As Catholics, we believe that God revealed himself gradually to his chosen people, the Jews, and completed this Divine revelation in the Jewish Messiah, the Christ our Lord. We believe that Jesus Christ established the Catholic Church to transmit that revelation to all people through all generations. The revelation was not only knowledge but also grace through the Mass and the Sacraments.
Divine revelation as knowledge, by its very nature, is inerrant. Its author is God, who cannot deceive nor be deceived. Further, in receiving the gift of faith, the individual has a greater certitude of its truth than the truths of disciplines of solely human endeavor (cf. Catechism of the Catholic Church § 157). Nevertheless, revelation as knowledge is given to us through words and sentences, which do not differ in form from the communication of any other intellectual discipline (cf. St. John Paul II, Fides et Ratio § 13.4).
One characteristic of truth in an intellectual discipline is self-consistency. A second characteristic is an inter-disciplinary consistency in those points where disciplines impinge upon one another. These characteristics of consistency are those of divine revelation as they are of all true intellectual knowledge possessed by humans.
In this essay, I intend to consider Aristotle’s elucidation of what he called the process of substantial change of material things and then identify a principle of substantial change along with two of its implications. The philosophical principle and its two implications impinge upon divine revelation regarding material creation.
As a prelude, consider the intellectual harmony of God’s revelation to his chosen people, its completion in Jesus, the Christ, along with God’s providence in preparing the Gentiles for the revelation of Christ, in whom all peoples are blessed.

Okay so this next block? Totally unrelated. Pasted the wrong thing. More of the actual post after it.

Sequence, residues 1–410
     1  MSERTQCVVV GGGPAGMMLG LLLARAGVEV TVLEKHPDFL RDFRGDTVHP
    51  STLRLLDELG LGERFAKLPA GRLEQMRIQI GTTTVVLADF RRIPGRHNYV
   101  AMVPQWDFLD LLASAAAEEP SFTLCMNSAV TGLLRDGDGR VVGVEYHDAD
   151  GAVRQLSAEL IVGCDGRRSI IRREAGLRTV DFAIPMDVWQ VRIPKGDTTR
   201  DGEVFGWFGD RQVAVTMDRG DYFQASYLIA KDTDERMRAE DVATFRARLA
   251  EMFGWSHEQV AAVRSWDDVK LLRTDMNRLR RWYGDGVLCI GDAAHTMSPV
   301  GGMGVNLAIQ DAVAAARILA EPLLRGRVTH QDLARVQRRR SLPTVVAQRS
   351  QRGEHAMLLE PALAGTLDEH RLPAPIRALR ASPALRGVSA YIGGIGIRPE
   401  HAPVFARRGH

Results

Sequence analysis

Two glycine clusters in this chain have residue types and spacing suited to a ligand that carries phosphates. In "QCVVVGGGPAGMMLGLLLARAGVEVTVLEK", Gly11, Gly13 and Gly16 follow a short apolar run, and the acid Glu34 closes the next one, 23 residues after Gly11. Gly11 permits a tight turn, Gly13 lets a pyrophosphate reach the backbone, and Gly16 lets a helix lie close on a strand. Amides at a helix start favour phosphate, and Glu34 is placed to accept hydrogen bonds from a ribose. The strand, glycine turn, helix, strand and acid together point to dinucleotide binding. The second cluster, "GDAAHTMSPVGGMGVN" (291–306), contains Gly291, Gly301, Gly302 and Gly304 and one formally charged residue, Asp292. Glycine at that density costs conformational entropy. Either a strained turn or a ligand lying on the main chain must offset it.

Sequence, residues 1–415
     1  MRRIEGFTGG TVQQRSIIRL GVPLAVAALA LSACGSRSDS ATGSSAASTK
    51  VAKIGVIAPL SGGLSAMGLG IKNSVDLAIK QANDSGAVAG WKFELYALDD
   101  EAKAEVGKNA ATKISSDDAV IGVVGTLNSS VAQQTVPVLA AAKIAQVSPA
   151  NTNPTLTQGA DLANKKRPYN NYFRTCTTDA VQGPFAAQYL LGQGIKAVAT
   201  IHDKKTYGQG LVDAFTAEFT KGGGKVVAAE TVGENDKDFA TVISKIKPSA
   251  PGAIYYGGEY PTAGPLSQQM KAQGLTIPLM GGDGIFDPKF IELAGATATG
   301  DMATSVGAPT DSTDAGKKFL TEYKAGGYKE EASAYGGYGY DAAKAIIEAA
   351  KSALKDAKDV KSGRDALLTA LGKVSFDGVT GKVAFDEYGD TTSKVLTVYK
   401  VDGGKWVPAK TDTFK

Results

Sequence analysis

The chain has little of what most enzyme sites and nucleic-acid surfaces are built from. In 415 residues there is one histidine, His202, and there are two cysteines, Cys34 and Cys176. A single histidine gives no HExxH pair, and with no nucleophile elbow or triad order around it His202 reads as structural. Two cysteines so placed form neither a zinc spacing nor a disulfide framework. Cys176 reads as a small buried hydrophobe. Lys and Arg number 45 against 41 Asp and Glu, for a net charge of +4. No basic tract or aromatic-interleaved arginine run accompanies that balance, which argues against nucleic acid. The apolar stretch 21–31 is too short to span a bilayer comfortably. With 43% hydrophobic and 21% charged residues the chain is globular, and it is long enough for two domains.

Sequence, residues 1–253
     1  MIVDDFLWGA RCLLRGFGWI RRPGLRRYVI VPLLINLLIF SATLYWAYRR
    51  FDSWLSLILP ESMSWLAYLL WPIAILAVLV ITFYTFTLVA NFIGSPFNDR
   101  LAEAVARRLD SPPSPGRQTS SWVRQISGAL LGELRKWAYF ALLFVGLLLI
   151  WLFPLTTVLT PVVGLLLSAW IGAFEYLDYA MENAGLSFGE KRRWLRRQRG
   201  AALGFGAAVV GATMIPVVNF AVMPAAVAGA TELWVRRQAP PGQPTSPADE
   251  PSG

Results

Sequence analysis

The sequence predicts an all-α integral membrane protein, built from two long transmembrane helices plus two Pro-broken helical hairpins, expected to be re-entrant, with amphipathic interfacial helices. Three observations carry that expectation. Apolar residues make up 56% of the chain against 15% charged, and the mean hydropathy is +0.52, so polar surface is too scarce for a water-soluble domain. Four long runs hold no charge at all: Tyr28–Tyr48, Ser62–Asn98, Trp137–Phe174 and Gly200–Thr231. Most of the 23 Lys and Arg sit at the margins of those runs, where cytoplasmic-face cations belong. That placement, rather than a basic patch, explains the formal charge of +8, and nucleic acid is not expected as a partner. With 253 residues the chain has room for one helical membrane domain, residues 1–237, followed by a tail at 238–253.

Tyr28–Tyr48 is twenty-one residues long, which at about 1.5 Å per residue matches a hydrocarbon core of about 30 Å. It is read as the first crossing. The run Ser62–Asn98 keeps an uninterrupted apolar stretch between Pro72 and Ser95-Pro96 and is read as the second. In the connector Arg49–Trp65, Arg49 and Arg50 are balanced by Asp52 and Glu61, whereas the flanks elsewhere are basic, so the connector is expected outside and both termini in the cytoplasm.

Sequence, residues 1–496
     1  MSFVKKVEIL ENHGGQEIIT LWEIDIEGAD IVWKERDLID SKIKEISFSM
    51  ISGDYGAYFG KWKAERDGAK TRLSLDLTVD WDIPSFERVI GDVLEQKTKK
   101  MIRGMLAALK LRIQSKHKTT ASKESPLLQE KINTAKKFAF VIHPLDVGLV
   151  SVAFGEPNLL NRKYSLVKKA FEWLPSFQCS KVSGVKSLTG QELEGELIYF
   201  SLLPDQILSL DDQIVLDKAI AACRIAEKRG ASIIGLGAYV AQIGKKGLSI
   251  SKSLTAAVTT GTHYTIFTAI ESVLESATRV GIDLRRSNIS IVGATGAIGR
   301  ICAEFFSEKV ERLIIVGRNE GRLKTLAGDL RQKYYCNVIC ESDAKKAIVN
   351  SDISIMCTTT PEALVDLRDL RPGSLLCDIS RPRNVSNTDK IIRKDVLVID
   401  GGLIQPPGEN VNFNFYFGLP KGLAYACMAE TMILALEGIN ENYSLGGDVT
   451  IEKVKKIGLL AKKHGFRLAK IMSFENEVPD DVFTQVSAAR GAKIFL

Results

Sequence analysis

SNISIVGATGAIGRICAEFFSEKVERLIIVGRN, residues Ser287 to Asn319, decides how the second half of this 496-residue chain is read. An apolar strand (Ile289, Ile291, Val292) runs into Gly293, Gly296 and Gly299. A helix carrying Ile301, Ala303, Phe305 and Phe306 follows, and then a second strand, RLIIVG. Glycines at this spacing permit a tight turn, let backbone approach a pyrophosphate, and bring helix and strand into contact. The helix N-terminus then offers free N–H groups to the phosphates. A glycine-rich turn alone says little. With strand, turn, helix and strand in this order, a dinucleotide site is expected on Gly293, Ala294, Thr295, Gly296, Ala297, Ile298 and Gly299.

Pope Benedict XVI saw in the development of Greek philosophy divine providence at work in preparing Europe for the reception of the Faith. “The encounter between the Biblical message and Greek thought did not happen by chance. The vision of Saint Paul, who saw the roads to Asia barred and in a dream saw a Macedonian man plead with him: ‘Come over to Macedonia and help us!’ [cf. Acts 16:6-10] — this vision can be interpreted as a ‘distillation’ of the intrinsic necessity of a rapprochement between Biblical faith and Greek inquiry” (Lecture, “Faith, Reason and the University — Memories and Reflections”, University of Regensburg, 12 September 2006; para. 5).
In reference to the providential preparation of the world for the incarnation of the Word of God, the Catechism cites Galatians 4:4, “When the fullness of time had come, God sent his son …” (CCC § 702). In divine providence, this “fullness of time” encompasses not only the completion of revelation to the Jews and to Greek philosophy but to the infrastructure and peace of Roman civilization, which was essential to the rapid spread of the Gospel. Providence not only had prepared the mind of man but material reality as well, to receiving and spreading the Gospel once the Good News was opened to the Gentiles.